There are some nifty ideas in Gun Frontier outside of how its world looks, so I fully understand how it ended up praised or beloved in the circles where that occurred. The bomb system is a good one, as it encourages you to continually build up the power of your bomb over time by collecting gold bars defeated enemies leave behind — you can use it before the gauge is completely full, but it won’t have nearly the destructive power or range of a maxed out bomb. It’s wonderful as a balance between people who rely heavily on bombs to get through shoot-em-ups and those who only want to use one in the most dire circumstances, and if you time it right, the bomb will also help you get out of many of the stickier situations a high rank would put you in.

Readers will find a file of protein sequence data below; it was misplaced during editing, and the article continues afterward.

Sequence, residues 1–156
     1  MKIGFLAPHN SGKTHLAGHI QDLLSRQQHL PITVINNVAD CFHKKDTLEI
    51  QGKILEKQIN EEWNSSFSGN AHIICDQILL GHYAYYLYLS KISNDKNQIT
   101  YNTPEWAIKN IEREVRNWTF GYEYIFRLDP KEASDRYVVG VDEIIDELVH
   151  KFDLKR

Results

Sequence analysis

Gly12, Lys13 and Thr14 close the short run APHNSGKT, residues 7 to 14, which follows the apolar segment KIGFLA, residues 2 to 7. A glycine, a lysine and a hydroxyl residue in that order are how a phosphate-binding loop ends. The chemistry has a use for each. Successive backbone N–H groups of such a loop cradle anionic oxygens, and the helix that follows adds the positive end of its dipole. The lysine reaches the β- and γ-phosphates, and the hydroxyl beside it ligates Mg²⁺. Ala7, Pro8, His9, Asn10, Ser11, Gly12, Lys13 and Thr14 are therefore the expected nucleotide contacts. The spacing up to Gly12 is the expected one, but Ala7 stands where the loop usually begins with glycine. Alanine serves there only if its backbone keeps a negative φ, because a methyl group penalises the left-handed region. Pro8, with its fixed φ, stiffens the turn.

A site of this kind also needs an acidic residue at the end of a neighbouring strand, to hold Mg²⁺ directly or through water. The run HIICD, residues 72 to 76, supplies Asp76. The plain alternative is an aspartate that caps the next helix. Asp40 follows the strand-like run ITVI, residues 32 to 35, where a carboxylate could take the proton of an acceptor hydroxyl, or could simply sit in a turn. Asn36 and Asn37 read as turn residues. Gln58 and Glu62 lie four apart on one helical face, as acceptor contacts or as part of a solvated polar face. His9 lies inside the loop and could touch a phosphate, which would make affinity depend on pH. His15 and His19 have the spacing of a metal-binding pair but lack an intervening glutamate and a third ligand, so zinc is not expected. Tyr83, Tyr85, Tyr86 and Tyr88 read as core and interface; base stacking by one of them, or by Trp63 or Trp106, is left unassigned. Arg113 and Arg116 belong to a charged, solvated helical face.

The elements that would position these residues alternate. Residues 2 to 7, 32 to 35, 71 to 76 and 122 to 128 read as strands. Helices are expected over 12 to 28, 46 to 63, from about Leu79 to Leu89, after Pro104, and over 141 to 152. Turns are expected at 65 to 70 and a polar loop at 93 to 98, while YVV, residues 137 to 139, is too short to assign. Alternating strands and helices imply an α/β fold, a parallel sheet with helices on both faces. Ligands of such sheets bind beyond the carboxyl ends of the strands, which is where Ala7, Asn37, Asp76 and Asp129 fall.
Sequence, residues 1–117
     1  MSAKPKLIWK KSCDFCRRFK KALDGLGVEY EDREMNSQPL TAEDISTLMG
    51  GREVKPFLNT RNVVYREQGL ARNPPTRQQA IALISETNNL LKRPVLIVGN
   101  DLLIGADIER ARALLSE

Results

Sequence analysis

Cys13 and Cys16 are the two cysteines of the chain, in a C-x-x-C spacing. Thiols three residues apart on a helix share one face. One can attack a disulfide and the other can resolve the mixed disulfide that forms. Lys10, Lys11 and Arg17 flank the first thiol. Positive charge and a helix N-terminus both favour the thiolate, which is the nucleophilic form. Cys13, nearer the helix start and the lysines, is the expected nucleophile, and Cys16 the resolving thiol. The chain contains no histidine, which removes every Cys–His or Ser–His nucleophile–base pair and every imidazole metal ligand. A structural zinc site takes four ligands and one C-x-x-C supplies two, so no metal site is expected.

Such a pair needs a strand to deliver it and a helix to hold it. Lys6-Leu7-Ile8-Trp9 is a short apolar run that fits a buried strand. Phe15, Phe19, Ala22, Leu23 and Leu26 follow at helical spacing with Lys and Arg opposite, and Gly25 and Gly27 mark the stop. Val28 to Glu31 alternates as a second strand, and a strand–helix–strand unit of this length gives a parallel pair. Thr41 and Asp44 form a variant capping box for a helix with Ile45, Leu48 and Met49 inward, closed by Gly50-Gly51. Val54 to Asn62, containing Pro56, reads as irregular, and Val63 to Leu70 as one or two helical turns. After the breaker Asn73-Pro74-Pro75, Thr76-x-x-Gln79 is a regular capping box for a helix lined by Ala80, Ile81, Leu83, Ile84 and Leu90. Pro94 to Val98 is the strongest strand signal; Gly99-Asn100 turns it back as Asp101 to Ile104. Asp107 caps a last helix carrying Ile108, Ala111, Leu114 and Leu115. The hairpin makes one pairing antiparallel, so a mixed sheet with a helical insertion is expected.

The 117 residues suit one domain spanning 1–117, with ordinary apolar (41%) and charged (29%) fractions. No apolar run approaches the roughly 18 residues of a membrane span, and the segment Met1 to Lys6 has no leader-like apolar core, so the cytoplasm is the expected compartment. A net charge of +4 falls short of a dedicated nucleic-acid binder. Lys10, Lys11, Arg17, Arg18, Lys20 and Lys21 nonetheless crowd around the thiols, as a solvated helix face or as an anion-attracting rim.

It’s no wonder that the system ended up being utilized in the far more beloved Battle Garegga, which was made by Shinobu Yagawa, an avid fan of Gun Frontier. Yagawa (who was also behind the ambitious Famicom standout STG, Recca) was clearly inspired by the title in his own shoot-em-ups, but as has been noted by others, such as at Hardcore Gaming 101 in their Taito digest, you also probably would rather play the games inspired by Gun Frontier like Battle Garegga rather than Gun Frontier itself, if you’re not in a position to play them all.
If you’re a STG sicko like me, however, it’s worth playing them both. Gun Frontier has enough intriguing bits to be worth a playthrough, or, at least, for you to give it a shot until you get tired of being pummeled to death by its rank system. As said, if you have an Egret II mini cabinet, it’s one of the 40 games on there, so give it a chance if you haven’t already. If you have a console where Arcade Archives releases games for $7.99, Gun & Frontier released on those in August 2022, with the standard quality-of-life and leaderboard addition those games have.